When I lost my husband, I didn’t realize how deeply that would affect other relationships—particular with his family. When ties are broken by death, relationships with former family members often change. Of course remarrying completely shifts things, but even if you don’t remarry, your relationships are usually different after the loss of your spouse.

You will always have that bond of shared memories with your husband’s mother, sister or brother, for example. But their perspective naturally, is different from yours—depending on the relationship. Also, each person involved handles grief individually, and heals at a different pace and in different ways.

Any or all of these issues can alter relationships with those family members. But the main thing is the one person you had in common is gone and that changes everything. That alone forces your lives to go in different directions.

I discovered that although I still had good relationships with my husband’s family, over time we seemed to drift apart a bit. From grief counseling, I found out that is normal, but still—it is hurtful.

So how do you handle the family of your former spouse? For me it came down to trying to understand the changes and then accepting them. It is also helpful if those family members to try to do the same by understanding and accepting changes in your life.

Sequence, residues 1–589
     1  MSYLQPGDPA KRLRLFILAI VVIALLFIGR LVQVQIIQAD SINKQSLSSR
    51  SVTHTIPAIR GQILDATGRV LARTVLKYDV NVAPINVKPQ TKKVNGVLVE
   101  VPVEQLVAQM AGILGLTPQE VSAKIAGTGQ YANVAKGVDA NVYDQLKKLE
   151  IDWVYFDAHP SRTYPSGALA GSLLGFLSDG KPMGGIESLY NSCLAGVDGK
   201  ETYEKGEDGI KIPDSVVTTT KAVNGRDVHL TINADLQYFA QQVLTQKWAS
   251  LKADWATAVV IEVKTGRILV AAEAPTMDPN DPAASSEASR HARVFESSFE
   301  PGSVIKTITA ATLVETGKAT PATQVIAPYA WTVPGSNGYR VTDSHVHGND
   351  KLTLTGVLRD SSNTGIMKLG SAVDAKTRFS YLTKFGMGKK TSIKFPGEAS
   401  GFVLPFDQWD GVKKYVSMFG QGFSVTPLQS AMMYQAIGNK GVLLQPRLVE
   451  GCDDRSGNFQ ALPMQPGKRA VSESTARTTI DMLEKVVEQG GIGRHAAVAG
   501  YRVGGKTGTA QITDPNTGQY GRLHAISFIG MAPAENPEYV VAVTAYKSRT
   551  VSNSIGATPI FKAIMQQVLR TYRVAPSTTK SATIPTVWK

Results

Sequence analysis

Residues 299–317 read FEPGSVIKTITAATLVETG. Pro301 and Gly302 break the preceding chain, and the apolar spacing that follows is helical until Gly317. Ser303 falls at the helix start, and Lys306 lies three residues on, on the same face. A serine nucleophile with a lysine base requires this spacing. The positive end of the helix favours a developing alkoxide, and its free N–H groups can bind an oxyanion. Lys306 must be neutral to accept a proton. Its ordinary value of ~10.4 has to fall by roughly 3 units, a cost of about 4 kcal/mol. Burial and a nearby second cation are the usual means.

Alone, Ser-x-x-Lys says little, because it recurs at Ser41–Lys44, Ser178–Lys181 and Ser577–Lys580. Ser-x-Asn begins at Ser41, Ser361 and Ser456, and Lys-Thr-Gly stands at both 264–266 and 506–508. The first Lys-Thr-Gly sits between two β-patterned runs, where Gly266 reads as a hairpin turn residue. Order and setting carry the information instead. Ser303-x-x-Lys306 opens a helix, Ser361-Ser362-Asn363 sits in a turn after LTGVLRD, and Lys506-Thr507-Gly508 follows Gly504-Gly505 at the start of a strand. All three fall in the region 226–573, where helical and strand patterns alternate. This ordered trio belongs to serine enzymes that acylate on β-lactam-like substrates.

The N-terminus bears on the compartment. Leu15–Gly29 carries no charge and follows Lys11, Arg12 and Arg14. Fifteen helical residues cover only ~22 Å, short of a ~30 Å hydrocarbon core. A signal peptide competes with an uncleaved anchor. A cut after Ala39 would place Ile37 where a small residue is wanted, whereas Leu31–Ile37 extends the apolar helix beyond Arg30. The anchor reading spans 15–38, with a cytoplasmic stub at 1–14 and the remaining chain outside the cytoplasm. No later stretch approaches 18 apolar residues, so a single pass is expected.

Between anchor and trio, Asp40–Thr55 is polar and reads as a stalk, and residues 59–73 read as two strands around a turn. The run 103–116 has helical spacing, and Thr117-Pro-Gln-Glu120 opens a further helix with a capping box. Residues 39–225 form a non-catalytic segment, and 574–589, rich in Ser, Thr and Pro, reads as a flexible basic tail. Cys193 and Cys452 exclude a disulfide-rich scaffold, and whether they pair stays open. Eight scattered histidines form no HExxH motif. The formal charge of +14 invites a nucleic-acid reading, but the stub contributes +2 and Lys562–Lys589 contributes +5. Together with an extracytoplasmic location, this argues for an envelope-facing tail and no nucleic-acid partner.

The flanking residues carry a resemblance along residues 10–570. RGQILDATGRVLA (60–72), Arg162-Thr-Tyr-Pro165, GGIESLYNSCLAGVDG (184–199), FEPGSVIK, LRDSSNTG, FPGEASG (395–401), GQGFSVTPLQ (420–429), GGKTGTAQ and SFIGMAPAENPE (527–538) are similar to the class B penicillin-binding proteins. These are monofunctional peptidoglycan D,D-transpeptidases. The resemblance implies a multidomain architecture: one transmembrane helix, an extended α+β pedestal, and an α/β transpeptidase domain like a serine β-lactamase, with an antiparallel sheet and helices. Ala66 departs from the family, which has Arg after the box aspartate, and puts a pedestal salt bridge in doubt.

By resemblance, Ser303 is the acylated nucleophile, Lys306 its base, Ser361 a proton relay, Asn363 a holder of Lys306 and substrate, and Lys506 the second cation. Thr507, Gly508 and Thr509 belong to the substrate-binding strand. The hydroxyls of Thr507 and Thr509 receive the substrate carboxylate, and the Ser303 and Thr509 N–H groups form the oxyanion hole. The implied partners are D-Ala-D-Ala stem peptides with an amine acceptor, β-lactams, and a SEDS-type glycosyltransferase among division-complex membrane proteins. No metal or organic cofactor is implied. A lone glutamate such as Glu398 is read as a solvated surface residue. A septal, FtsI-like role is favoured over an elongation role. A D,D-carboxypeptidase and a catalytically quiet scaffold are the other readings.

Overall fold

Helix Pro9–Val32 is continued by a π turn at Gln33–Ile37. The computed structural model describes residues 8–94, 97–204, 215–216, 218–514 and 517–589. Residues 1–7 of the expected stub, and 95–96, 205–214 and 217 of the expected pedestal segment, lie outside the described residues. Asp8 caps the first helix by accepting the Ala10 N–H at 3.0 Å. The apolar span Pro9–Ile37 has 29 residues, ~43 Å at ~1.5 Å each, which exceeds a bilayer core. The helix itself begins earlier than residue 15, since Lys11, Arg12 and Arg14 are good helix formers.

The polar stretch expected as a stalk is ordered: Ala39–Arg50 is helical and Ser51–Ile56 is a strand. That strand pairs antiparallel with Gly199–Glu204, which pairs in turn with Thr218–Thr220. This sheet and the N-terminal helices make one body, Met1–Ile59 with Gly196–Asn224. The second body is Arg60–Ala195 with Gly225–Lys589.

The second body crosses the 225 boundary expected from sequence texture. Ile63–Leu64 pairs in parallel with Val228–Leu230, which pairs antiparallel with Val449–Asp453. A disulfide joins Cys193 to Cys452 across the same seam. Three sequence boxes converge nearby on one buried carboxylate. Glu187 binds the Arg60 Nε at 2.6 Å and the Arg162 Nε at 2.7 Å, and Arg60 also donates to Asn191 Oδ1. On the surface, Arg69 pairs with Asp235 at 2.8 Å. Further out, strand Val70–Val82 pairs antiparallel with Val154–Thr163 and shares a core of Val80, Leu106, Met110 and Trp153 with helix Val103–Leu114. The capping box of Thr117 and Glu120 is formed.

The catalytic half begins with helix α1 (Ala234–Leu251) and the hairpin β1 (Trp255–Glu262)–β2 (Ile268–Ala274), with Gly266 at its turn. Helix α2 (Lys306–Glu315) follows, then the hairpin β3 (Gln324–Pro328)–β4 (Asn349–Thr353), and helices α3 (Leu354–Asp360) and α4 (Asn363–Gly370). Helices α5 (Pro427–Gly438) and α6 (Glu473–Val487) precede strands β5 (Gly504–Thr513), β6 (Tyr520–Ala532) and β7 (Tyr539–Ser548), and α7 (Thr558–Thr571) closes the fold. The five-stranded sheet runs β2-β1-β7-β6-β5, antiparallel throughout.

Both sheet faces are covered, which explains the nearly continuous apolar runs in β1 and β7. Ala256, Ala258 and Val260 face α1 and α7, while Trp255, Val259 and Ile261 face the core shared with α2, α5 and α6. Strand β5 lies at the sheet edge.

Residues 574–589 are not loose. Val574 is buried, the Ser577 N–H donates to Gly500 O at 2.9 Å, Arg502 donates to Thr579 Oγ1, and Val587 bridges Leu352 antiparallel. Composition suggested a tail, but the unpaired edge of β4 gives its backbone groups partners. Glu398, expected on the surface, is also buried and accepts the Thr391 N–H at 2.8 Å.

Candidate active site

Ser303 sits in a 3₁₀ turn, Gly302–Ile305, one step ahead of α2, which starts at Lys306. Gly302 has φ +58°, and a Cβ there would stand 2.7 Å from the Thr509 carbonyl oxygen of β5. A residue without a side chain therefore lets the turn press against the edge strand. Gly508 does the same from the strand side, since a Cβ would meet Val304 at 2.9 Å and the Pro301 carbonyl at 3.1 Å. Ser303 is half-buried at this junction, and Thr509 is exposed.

Sometimes it helped me to talk things over. For example, some of my husband’s family members didn’t understand why—after over a year after my loss—I wanted to have a social life again. I started taking dance lessons and going out with other widows.

Perhaps in their minds, I could only honor my husband by staying at home forever and crying myself to sleep each night. We discussed the issue, and although we still didn’t totally understand each other’s side, I felt like it was helpful to air our feelings.

For me, trying to understand and accept the fact that some of my husband’s family members would never be okay with me going out allowed me to handle the changes in our relationships more realistically and not so emotionally.

I also found it helpful to work on keeping those relationships going, despite the fact that they were different. Like, I would try to make time to have dinner more often with a family member. Times we would have gotten together– like for my husband’s birthday, had been taken from us.

There is obviously no easy answer to the question of how you should handle the family of your former spouse. But like so many aspects of grief, love, understanding and acceptance can be healing for everyone involved.

Melinda Richarz Lyons

Melinda Richarz Lyons

Melinda Richarz Lyons earned a B.A. in Journalism from the University of North Texas and has been a free lance writer for over forty years. Her articles have appeared in many publications, including "Nashville Parent," "Cats Magazine," "Reminisce," "True West," "Frontier Times," "Kids, Etc.," "Cincinnati Family Magazine," "The Tennessean,"The Fort Worth Star-Telegram," "Chicken Soup for the Soul: True Love," and "Chicken Soup for the Soul: Grandmothers." Ms. Lyons is also a published songwriter, and was the 2004 co-recipient of the Academy of Western Artists Will Rogers Award for Best Song of the Year. She is the author of several books, including "WOOF: Women Only Over Fifty," "Murder at the Oaklands Mansion," and "Crossing the Minefield," the story of her journey from grief to recovery. She has four step children and nine grandchildren and currently lives in Tyler, Texas with her husband Tom.

More Articles Written by Melinda Richarz